L - Industrial Organization
A distinctive feature of China’s privatization is that both its design and its implementation are highly decentralized and are administered by the local governments. Based on a survey of three thousand firms in over one hundred Chinese cities, this paper studies how city governments choose among various privatization methods, how these different methods transfer control rights from the government to private owners, and how various privatization methods lead to different restructuring and performance.
As an innovative form of social organization, the charitable foundation is a new phenomenon in the People’s Republic of China. Since 2004, when the new Regulations on Administration of Foundations were promulgated, the foundation sector has experienced rapid growth. However, compared to its potential and the important role the foundation sector can play in China’s social development, a more favorable institutional and legal environment should be considered to boost its expansion.
Although the US-China relationship has been strained by the latter’s economic and military rise over the last decade, China’s development can benefit the US in a variety of ways. This paper argues that the most important facet of the US recovery is the reindustrialization of a largely service-based economy. To accomplish that goal, this paper suggests that the United States end barriers to Chinese FDI and eliminate export controls set up during the Cold War.
Poor maintenance, slow expansion of streets and urban highways and excessive congestion are chronic in many cities. This chapter argues that public-private partnerships (PPPs) can be used to improve the timing of new investments, ensure adequate maintenance of highways and streets and manage congestion with road user charges. Nevertheless, PPPs will only work with timely public planning, deft contract design and enforcement and competent inter jurisdiction coordination.
We quantify the intertemporal impact of a renewable quota on CO2 emissions, pollution and welfare. We find that a quota substitutes investments in baseload technologies. Therefore quotas have little impact on CO2 and pollution in systems that expand baseload with hydro. We also find that quotas can be quite expensive and their impact is highly nonlinear. With detailed data on Chile’s system we estimate that a 5% quota is not binding, a 10% quota causes a small deadweight loss but a 20% quota multiplies the deadweight loss by a factor of 55, to about 7% of the system’s supply cost.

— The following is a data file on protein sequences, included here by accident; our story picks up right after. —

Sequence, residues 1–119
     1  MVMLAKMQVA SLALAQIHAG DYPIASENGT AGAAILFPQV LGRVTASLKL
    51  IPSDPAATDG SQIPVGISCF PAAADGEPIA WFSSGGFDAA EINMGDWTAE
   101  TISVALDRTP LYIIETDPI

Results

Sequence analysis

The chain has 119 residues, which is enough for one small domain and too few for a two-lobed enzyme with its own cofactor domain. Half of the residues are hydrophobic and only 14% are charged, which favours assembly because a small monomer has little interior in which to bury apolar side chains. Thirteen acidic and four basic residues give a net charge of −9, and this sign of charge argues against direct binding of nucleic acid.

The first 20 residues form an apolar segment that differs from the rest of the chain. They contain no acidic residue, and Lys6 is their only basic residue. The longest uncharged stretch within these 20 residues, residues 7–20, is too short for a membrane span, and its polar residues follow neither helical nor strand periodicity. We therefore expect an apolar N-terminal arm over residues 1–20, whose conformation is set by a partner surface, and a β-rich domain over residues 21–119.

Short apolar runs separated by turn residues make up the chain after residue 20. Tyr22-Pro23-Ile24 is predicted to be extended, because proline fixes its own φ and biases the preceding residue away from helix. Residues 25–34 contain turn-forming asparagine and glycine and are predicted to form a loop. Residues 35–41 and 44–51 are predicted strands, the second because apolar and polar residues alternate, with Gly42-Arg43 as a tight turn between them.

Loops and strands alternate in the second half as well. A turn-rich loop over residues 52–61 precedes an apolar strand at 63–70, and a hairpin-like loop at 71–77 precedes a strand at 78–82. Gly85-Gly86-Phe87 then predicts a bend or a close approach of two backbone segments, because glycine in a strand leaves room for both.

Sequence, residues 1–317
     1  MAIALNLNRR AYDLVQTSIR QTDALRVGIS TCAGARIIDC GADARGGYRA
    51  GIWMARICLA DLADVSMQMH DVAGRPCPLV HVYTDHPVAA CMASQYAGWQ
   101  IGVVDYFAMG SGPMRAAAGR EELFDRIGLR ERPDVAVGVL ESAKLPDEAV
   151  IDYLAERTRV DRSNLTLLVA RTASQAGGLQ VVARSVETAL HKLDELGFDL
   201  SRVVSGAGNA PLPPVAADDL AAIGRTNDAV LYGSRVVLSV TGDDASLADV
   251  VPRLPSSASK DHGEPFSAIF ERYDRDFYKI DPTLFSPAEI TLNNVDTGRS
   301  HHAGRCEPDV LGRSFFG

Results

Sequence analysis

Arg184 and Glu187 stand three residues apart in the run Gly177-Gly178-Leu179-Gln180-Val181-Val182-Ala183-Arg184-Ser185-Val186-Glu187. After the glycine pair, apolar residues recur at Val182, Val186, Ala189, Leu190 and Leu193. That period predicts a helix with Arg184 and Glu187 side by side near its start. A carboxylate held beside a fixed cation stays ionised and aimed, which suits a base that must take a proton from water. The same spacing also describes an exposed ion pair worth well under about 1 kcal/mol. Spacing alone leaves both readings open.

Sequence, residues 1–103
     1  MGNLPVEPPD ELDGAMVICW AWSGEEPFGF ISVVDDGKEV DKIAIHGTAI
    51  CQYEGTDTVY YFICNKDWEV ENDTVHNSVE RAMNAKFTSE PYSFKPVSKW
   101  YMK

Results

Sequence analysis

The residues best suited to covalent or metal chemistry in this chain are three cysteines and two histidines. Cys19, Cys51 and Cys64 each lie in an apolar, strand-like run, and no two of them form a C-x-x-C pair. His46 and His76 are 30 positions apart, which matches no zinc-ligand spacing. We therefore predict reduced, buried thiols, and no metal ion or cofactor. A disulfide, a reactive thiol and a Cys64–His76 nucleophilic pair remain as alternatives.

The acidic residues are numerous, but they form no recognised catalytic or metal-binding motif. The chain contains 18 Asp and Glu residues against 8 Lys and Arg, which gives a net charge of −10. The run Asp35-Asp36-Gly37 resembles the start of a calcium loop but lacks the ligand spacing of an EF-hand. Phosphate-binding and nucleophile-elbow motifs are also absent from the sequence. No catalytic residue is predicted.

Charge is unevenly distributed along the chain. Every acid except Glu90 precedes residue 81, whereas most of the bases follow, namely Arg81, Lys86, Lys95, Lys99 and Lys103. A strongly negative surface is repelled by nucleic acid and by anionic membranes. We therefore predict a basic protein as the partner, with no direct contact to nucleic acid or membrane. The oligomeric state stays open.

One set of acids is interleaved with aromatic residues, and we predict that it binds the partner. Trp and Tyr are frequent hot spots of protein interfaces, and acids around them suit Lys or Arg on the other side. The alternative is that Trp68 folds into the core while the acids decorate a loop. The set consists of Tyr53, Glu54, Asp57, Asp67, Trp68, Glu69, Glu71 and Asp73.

While some countries have unbundled distribution and retailing, skeptics argue that the physical attributes of electricity make retailers redundant. Instead, it is claimed that passive pass through of wholesale prices plus regulated charges for transmission and distribution suffice for customers to benefit from competitive generation markets. We review the Chilean experience with regulated retailing and pass through of wholesale prices. We argue that when energy wholesale prices are volatile and prices are stabilized, distortions emerge.
Renegotiations of PPPs are pervasive. We argue that they can be used by incumbents to elude normal budgetary constraints and anticipate infrastructure spending. We show that renegotiations foster lowballing in ex ante auctions and both include additional compensations for the works originally contracted and add works not contemplated in the original contract. Nevertheless, spending anticipation is not inherent to PPPs, but the consequence of defective accounting standards. We show that if PPP investments are included as investments in the public budget spending caps prevent anticipation.
Innovation is key to technology adoption and creation, and to explaining the vast differences in productivity across and within countries. Despite the central role of the entrepreneur in the innovation process, data limitations have restricted standard analysis of the determinants of innovation to consideration of the role of firm characteristics. We develop a model of innovation which incorporates the role of both owner and firm characteristics, and use this to determine how product, process, marketing and organizational innovations should vary with firm size and competition.
This paper analyzes the impact of the changing telecom environment on the nature of disputes that arise in this sector. It focuses on the need to resolve disputes in an efficacious, expeditious and transparent manner to ensure unhindered growth of the telecom sector. The paper draws upon several country specific examples to show how this subject is receiving increasing attention and has in fact become a significant feature of regulatory initiative.
This paper analyzes the transition of the Indian telecom sector from a monopolistic to a competitive environment. Though similar transitions have occurred in other countries, India’s shift is particularly striking due to the short period within which changes occurred. The National Telecom Policy of 1994 and the New Telecom Policy of 1999 established a strong and independent regulatory mechanism with well-defined powers and responsibilities.